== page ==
Research
Contributions
Learning a Content from Unstructured Corpus of Text Data! Chasing
Exemptions: Social Media, Big Data, and the Measles Crisis E. Ebrahimzadeh
M. Falahi T. Tangherlini
V. Roychowdhury A. Wadia The 20142015 measles outbreak in California caught many
observers by surprise. Health officials attributed the crisis to the
increasing number of children whose parents had secured exemptions from
inoculation for various vaccinepreventable diseases (VPDs), without
providing a quantifiable analysis of what was driving these exemptions.
Focusing on two social media sites popular among mothers, we show that largescale
text analysis tools can be used both to identify vaccinerelated
conversations and to discover the topic of these conversations. We uncover a
strong, persistent signal focusing on securing exemptions for childhood
vaccinations. We consider this type of signal to indicate that the
conversations about exemptions are ÒendemicÓ to these sites. If people take
realworld actions based on the suggestions in these conversations, the
cumulative effect would contribute to a diminution of herd immunity in their
communities. This effect has been borne out by real world events. Our method
based on analyzing social media chatter at scale can provide an alert
mechanism to health officials and to others charged with early childhood
health decisions, helping to discover ÒhiddenÓ health crises such as the
current one surrounding childhood vaccination. Journal Version:
Submitted to Proceedings of the National Academy of Sciences 

Finding a
Needle in Haystack Efficiently! Quickest
Transient Change Point Detection with Sampling Constraint E. Ebrahimzadeh
A. Tchamkerten Consider the problem of sequential detection of a transient
change in distribution of a random sequence, where there is a constraint on
the fraction of samples observed. We cast the problem into a Minimax setting, where the change time is completely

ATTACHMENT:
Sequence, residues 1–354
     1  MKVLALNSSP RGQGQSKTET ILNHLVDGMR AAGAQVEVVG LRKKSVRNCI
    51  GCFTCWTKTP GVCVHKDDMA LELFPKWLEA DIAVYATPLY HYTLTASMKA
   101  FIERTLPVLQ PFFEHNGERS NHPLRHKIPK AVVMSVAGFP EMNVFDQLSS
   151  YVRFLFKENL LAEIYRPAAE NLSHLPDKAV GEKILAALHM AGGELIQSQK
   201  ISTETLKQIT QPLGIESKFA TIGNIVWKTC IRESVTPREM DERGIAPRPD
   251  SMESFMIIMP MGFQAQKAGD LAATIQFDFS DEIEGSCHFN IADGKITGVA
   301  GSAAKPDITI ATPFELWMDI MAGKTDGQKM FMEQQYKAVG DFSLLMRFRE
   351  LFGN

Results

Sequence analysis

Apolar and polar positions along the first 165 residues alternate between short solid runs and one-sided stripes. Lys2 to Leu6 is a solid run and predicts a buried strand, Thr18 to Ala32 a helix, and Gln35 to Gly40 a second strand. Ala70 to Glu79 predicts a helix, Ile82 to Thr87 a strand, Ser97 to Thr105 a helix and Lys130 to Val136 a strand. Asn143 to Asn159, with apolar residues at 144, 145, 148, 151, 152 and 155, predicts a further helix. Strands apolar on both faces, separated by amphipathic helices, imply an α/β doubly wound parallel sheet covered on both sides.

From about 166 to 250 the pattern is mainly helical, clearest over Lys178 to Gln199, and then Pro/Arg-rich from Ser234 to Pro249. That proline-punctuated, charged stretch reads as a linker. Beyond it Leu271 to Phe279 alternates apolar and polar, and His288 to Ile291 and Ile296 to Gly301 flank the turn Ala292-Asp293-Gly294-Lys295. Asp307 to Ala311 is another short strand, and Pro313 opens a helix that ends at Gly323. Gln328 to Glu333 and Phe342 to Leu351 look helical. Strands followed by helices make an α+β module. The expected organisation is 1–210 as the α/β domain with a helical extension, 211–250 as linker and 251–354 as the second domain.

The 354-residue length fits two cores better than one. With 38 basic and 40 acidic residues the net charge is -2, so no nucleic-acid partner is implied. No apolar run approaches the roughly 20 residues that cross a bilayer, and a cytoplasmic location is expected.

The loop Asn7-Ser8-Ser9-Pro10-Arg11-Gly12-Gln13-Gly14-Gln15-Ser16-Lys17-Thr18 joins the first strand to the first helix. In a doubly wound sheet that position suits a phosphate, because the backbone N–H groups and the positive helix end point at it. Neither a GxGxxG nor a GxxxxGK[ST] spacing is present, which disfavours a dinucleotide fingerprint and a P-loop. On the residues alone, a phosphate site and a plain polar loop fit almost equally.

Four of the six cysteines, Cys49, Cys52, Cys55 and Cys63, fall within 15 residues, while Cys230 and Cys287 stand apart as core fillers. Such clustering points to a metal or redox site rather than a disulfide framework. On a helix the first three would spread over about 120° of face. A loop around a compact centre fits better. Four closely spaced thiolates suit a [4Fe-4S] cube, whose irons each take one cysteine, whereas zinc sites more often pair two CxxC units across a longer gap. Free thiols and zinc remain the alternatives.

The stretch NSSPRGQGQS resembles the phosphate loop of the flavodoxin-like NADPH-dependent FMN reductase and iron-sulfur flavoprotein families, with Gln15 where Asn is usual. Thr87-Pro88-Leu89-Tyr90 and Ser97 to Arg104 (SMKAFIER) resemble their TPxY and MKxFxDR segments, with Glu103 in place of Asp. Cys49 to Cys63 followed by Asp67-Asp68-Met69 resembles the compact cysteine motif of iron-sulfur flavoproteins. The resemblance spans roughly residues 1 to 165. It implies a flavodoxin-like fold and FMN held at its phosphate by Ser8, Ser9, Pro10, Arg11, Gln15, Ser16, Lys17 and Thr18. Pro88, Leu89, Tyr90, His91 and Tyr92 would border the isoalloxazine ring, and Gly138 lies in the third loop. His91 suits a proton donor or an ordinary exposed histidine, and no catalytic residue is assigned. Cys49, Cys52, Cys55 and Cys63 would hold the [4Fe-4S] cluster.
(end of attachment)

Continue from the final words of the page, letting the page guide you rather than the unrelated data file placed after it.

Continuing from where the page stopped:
unknown, all random variables are independent and both the distributions
along the change and pre/post change are known. The objective is to design a
statistical test with large average time to false alarm to minimize a measure
of worst case delay. Leveraging the results in the
nontransient setting, we show that there exists an asymptotic threshold on
the minimum duration of a change that can be detected reliably with such
false alarm constrained statistical tests. Next, given a transient change
with duration above this asymptotic threshold, we characterize the smallest sampling rate needed
so that under sparse sampling the change can be detected as efficiently as
under full sampling. Conference Version: proceedings of ISIT
2015 

Let
Signals Mix up! Signalling in FrequencySelective Interference Channels: Outage Analysis E. Ebrahimzadeh
K. Moshksar A. Khandani We study outage probability in a twouser parallel Gaussian
interference channel consisting of two parallel subchannels. Each subchannel is modeled by a twouser Gaussian interference
channel with quasistatic and flat fading. Each user employs a
singlelayer Gaussian codebook, splits its average transmission power equally
and maintains a statistical correlation between the signals transmitted over
the underlying subchannels. Under mild nondegeneracy conditions on the
fading statistics, it is shown that the value of correlation coefficient that
minimizes the outage probability approaches 1 as the signaltonoise ratio
(SNR) approaches infinity. This holds whether the receivers treat
interference as Gaussian noise (TIN) or cancel interference (CI). We compute
the outage probability for sufficiently large SNR under the assumptions that
the correlation coefficient is 1 and the direct and crossover channel
coefficients are independent zeromean complex Gaussian random variables with
possibly different variances. In particular, it is shown that if the
receivers have the freedom of choice to perform TIN or CI, a smaller outage
probability is achieved in contrast to a scenario where the users are
orthogonal, i.e., interference is completely avoided by assigning disjoint
subchannels to the users. Journal version: Revised for IEEE
Transactions on Information Theory Conference Version: Proceedings of ISIT
2015 

ItÕs a
Small world in Random Apollonian Networks! On the Longest